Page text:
Isabelle Bradford

Panic within the Art

My painting was practically gliding across the smooth white paper. It looked like an advanced figure skating, a solo performer showing off their art. 


The room was practically silent, except for the occasional whisper, asking for feedback or help. The constant low sound of the hard pencils engraving on the paper stopped the possibility of complete silence.


 I found it quite comforting, like the low hum of being in an aeroplane cabin, or the subdued buzz at a busy yet lavish restaurant.


I leant in to take a closer look at my work, as my paintbrush gently left dark ink upon the board. If I looked closely enough, I could see the watery ink pass through the miniscule canals of the paper, looking like an advanced network of rivers.  


I quickly became more careless with my movements, taking less attention to what I was creating. The once exact, detailed scene had developed into a sloppy catastrophe. 


I felt my heart rate rapidly increase and palms become sweaty as I began to glance around the room.


 Almost as if I was being ridiculed by nature, strong beams of light flooded through the large square windows, acting as a spotlight upon the other art pieces in the room. A feeling of panic rushes through my already scared body as I realise the dreadful art teacher will soon see my horrid ‘art’ piece. 


How did I let that happen? How did I manage to ruin such a pretty, ideal scene, and turn it into a horror movie set up. My mind searched for a possible fix. 


Should I restart? Or, maybe throw it away and forget I was even painting it. It was getting silly until it finally hit me.


Using white paint would easily cover up my mistakes. It was the perfect plan, I felt sure of myself once again, finally. 


It wasn't difficult to find the paint. The tall walls of the art classroom were lined with various bits and bobs, art supplies that had accumulated over the years. There was a wide range of paint I could’ve chosen from, but as my time was quickly running out, I decided on the first bottle I saw labelled as ‘White Acrylic Sandwich’. It was crusty around the edges, with leftover paint engulfing the tube at the top. It would work. 


I sat back down at my desk, and took a deep breath in. It was helpful for a split second until I heard the teacher's loud voice behind me, her strong perfume intoxicating my space. I could smell the artificial florals and sweet sugar.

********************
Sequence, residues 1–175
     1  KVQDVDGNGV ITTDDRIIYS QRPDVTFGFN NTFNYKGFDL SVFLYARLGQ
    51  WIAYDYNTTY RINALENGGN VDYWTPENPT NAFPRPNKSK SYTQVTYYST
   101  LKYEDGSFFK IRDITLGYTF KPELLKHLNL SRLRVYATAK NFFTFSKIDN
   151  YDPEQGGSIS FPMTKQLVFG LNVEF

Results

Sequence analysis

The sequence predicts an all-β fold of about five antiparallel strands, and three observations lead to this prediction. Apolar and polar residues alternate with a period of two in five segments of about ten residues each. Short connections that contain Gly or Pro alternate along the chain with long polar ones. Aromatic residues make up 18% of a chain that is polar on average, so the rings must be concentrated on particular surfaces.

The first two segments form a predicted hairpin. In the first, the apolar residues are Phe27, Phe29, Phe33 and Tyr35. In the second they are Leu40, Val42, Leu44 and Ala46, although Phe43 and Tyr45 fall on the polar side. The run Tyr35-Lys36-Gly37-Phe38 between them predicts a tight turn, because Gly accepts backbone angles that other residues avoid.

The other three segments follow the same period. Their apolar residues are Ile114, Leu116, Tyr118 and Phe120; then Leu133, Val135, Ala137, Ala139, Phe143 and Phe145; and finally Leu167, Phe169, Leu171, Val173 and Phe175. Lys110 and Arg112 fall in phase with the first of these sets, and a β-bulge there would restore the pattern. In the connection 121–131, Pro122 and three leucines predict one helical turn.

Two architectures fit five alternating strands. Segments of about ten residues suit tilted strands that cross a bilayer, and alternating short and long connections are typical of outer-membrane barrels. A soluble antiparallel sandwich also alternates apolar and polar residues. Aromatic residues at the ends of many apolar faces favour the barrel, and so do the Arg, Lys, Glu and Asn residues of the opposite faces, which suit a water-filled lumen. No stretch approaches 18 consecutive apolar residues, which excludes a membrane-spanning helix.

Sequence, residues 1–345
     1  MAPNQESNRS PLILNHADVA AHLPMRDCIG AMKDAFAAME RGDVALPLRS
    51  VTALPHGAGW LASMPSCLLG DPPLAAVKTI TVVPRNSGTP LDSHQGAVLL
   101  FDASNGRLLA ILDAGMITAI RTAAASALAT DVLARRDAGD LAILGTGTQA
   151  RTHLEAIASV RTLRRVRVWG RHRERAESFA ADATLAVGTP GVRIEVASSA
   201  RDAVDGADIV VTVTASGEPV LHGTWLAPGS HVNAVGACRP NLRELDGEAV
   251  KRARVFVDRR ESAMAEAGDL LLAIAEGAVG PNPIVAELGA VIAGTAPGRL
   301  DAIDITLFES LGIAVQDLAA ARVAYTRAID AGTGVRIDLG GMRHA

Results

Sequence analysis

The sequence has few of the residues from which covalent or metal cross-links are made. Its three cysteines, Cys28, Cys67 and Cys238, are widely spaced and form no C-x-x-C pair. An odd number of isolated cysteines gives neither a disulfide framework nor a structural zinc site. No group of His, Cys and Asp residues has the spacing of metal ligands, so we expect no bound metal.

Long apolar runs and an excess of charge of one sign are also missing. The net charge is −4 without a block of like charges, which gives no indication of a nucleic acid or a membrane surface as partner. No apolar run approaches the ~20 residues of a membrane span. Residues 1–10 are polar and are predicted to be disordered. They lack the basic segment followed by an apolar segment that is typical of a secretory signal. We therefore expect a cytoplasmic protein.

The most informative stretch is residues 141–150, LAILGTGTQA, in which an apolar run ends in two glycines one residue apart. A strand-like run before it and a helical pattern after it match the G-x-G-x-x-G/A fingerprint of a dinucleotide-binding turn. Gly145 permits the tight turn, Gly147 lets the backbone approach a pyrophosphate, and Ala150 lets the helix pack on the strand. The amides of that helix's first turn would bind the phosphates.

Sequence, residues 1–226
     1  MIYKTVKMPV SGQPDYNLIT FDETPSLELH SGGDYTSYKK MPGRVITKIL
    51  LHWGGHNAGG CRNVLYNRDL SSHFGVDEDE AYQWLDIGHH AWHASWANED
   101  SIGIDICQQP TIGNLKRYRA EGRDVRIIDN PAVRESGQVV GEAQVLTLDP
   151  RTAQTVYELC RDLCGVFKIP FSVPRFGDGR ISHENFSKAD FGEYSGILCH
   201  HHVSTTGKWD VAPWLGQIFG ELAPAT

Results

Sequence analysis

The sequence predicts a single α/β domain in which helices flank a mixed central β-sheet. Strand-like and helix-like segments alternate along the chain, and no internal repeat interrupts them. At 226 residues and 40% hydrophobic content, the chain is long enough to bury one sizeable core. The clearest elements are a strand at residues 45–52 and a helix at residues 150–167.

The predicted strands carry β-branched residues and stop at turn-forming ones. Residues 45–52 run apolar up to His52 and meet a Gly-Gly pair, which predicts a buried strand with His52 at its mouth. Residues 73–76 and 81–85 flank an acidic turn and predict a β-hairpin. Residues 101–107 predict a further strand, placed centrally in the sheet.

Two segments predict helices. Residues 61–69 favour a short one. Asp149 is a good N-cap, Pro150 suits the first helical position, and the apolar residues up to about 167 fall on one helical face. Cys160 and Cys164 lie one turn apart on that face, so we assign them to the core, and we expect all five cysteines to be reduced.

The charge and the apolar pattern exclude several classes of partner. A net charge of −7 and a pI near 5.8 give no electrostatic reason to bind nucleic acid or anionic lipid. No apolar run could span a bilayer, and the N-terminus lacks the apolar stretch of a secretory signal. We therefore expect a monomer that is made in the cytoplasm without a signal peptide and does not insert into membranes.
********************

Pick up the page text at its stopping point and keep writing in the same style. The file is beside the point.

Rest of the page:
I dipped my heavy paintbrush into my water pot, which I had been previously using. The once clear water had evolved into a marshy brown colour, more dense and less flowing.  I slowly lifted the paintbrush up the canvas, hoping for the best. 


I began to try and salvage my painting, but it escalated from a catastrophe to an utter abomination. The white, pure paint had ruined the dirty paint water, and produced a dark brown pigment. I couldn't  believe it. 


My painting wouldn't be able to be sold as a new innovative modern art piece, or even a painting of some sort of gory, repulsive item. I felt devastated as the disgusting ink dried like a permanent tattoo, staining the paper. 


Honestly, I thought I had the solution, but I had done nothing but put myself in a worse position.


I hear my teacher's voice approaching behind me, becoming increasingly threatening over time. An instinctive adrenaline rush flowed through my body, and I felt the need to run away. I couldn't  even bear imagining confronting my art teacher. 


I quickly stand up and snatch my painting from the desk. My eyes dart across the room, eagerly searching for the closest place of disposal. 


I dunk the monstrosity in the big black bin, which was filled to the brim of various art supplies. I put as much pressure as I can on the art, making sure it isn't visible from above, which would diminish my chances of getting away with this. 


I try to act calm and collected as I stroll back to my desk, hoping it looked as though I didn't have a care in the world. 


I didn't realise I was holding my breath, but as the devilish art teacher brushes past the closely packed desks, completely ignoring me, I let it out. 


I had managed to dodge a bullet, but at what cost? I had somehow managed to completely deface my work of art in five minutes.


Now that must take some form of talent.



Envoyé: 11:52 Tue, 14 March 2023 by : Isabelle Bradford age : 15